Turkey: EU Accession Process


Egemen Bagis, chief negotiator, says the country’s reform efforts will pay off and admits that Turkey has made some mistakes in the past.

By Gordon Platt

Turkey somberly marked the 50th anniversary in July of its first application to formally integrate with Europe. “The occasion was not a cause for celebration,” says Egemen Bagis, minister for EU affairs and chief negotiator. “It took my country 45 years just to get a date.”

Prime minister Recep Tayyip Erdogan selected Bagis in January 2009 as the country’s first full-time EU accession negotiator with the rank of state minister, in a move to rejuvenate the slow-moving process. Bagis, a member of parliament representing Istanbul, says he is optimistic that Turkey will eventually be allowed to enter the European Union. “Every country that started EU accession talks has completed them,” he says. “There have been no exceptions.”

The Council of Europe admitted Turkey as a full member in August 1949, and 10 years later Turkey applied for associate member status in the European Economic Community, a predecessor of the EU. It was not until the Brussels summit in December 2004 that EU leaders agreed to start accession negotiations with Turkey on October 3, 2005.

“Eighteen million East Germans became members overnight,” Bagis says. East Germany became part of the European Community when East and West Germany reunited on October 3, 1990. “There have been double standards on the part of the EU, but there also have been mistakes that Turkey made,” Bagis adds. “There have been coups and leaders with a lack of vision. However, two wrongs don’t make a right.”

Bagis: Turkey is the sixth-largest economy in Europe, with the fourth-largest labor force

While the current outlook is uncertain, it seems unlikely that Turkey will enter the EU before 2015. The country’s hopes for joining did receive a boost during the April 2009 visit to Ankara of US president Barack Obama, though. Coming right after the Group of 20 summit in London, Obama’s visit solidified Turkey’s historical links with the United States and strengthened the Muslim country’s long-standing political and economic ties with the West. These ties date back to membership in NATO in 1952 and the sealing of an association agreement in 1963 with the European Community. President Obama’s trip also highlighted Turkey’s role in promoting security and stability in the volatile Middle East region and its example as a secular democracy in a Muslim country.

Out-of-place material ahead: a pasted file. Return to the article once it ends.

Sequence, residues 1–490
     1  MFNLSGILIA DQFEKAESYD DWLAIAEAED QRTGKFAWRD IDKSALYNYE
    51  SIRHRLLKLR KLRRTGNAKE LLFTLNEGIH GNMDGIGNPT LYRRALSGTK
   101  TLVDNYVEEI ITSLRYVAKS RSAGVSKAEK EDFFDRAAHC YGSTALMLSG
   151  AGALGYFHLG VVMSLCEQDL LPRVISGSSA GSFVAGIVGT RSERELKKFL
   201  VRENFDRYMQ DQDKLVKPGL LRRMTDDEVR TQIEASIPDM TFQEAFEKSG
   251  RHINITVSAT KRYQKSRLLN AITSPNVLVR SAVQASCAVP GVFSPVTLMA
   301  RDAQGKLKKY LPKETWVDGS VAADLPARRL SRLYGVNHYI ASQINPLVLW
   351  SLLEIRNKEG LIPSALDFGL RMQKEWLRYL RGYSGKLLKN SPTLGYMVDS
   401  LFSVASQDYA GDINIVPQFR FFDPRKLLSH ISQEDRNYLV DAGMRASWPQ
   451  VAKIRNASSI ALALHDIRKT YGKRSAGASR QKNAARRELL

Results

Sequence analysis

Bagis met one-on-one with Sweden’s foreign minister, Carl Bildt, in July 2009 on the sidelines of the Croatia Summit in Dubrovnik. Bildt, whose country holds the rotating EU presidency, expressed Sweden’s support for Turkey’s EU process. He said the Swedish presidency would work determinedly on that issue and would try its best to open the environment chapter, as well as the chapters on education and culture.

Since October 2005 the EU has opened 11 of 35 chapters, or policy negotiating areas, needed for Turkey to be admitted. Two of the chapters deal with closing requirements, which are automatic and do not need to be negotiated.

The 11th chapter, dealing with taxation, was opened on June 30, 2009, in the last hours of the Czech Republic’s EU presidency. Turkey has only closed talks on one chapter so far, the chapter that deals with science and research. Eight chapters have been blocked since 2006 as a result of Ankara’s refusal to allow ships from Cyprus to call at its ports. France is blocking another five chapters, and Germany supports some form of privileged partnership rather than granting Turkey full membership. Although Turkey is a key country in terms of the EU’s energy security, particularly with the recent signing of the Nabucco pipeline deal, the chapter on energy has yet to be opened.